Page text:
worth it. We have a great view of the river from our room.
Later that night we take a stroll along River Street, which has a bunch of shops, restaurants
and bars. They have a Wet Willie’s, which used to be one of my favorite bars in Miami
Beach before it got too popular. We really want to walk around but were exhausted
from the long road trip, so we decide to finish the night at the Bohemian Hotel next door,
which has a roof top night club, Rocks on the Roof with live music and great ambiance. From Savannah, Georgia, good morning.
We walk around this historic and beautiful city we see City Hall from Bull Street, which
is right next to our hotel, and then enjoy the beautiful vegetation of Johnson Square.
We walk up to Ellis Square and City Market, which is a touristy pedestrian street with
a bunch of Bars and restaurants. At the end of City Market, across Franklin Square we
see the First African Baptist Church, which claims to be derived from the first black
Baptist congregation in North America. The do have a museum. As you’ve seen, the historic
district is dotted with a grid of all this charming squares, such as Chippewa Square,
where they filmed the movie Forest Gump. The actual bench in the movie was a fiberglass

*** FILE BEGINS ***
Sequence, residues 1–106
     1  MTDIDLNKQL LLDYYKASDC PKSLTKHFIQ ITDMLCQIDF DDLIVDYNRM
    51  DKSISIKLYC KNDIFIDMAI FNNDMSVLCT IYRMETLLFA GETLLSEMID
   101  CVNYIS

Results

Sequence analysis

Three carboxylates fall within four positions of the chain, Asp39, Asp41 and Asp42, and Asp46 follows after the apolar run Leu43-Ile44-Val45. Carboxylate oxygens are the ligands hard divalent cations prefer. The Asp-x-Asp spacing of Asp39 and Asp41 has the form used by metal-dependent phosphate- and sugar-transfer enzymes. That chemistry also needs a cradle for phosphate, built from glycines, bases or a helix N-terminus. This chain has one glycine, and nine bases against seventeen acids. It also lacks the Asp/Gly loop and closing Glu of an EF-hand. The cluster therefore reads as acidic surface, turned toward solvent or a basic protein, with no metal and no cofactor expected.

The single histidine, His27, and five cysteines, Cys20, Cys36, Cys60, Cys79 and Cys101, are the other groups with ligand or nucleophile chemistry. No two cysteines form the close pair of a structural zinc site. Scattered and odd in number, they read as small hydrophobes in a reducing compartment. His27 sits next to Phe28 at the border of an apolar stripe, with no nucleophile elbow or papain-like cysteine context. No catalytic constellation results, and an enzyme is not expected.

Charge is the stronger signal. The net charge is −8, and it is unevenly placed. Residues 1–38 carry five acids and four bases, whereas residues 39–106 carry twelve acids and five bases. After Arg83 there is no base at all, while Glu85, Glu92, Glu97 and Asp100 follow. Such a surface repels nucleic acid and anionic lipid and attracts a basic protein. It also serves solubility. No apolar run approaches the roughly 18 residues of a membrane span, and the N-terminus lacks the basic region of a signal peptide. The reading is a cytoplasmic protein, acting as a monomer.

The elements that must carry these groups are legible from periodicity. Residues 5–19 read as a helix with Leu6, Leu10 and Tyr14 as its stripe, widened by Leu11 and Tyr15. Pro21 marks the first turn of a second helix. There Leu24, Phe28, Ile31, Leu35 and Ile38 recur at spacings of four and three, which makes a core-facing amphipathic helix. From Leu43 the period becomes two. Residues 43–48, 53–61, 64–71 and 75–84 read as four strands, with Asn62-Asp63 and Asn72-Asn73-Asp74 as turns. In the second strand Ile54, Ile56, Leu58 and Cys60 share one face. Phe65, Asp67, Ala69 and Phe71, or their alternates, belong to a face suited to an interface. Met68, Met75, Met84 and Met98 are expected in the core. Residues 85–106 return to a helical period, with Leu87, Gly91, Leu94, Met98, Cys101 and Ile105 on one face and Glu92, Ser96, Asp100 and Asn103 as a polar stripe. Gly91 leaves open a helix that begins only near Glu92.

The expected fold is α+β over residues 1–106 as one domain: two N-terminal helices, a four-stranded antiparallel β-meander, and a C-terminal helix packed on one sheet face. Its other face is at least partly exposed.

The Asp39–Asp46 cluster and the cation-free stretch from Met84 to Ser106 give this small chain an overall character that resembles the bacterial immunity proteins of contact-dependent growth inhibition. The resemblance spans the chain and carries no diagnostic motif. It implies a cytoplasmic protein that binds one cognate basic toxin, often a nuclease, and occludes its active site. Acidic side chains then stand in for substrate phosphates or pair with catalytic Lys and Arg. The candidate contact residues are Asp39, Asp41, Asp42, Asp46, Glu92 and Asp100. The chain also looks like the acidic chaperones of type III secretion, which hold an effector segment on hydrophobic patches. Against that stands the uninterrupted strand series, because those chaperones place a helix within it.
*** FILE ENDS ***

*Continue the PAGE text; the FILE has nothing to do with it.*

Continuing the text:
prop and doesn’t really exist. Bummer. Passing by the First Girl Scouts Headquarters
in the United States we arrive at Clary’s for breakfast.
We are having breakfast at Clary’s, the place has been here forver.
This has been a Savannah hangout place since 1903, and it was made even more famous after
it was portrayed in the book Midnight in the Garden of Good and Evil.
By Lafayette Square, as we head back north on Abercorn street, we see the Cathedral of
Saint John the Baptist, it’s congregation was founded in the late 1700’s by French immigrants.
A little further down the street we pass by Colonial Park Cemetery, the oldest one in
Savannah. It was established in 1750 and is a popular destination for Ghost tours. It
was vandalized by the federal troops during the Civil War, but it has been restored ever
since. We are back at Bay Street, which runs parallel
to River Street, where the Hotel is. There’s a bunch of quirky shops, right behind the
riverfront shops. This is the oldest continuously operating
English Freemasons’ Lodge in the western hemisphere. Yeah, amazing the stuff you learn on the internets. OK, time to leave the comfort of our riverfront
room, as we must continue on the road, but not before seeing a little more of beautiful
Savannah. Grabbing a tip from travel writer Pico Ayer,
we turn off the GPS and try to reach our next destination on pure instinct and sense of
orientation. In this case I’m trying to find Forsyth Park, which is just south of the historic
district. And here we are. Lets go around the park, what the heck.
Savannah, by the way, is the historical birthplace of Georgia. It was settled in 1733. The city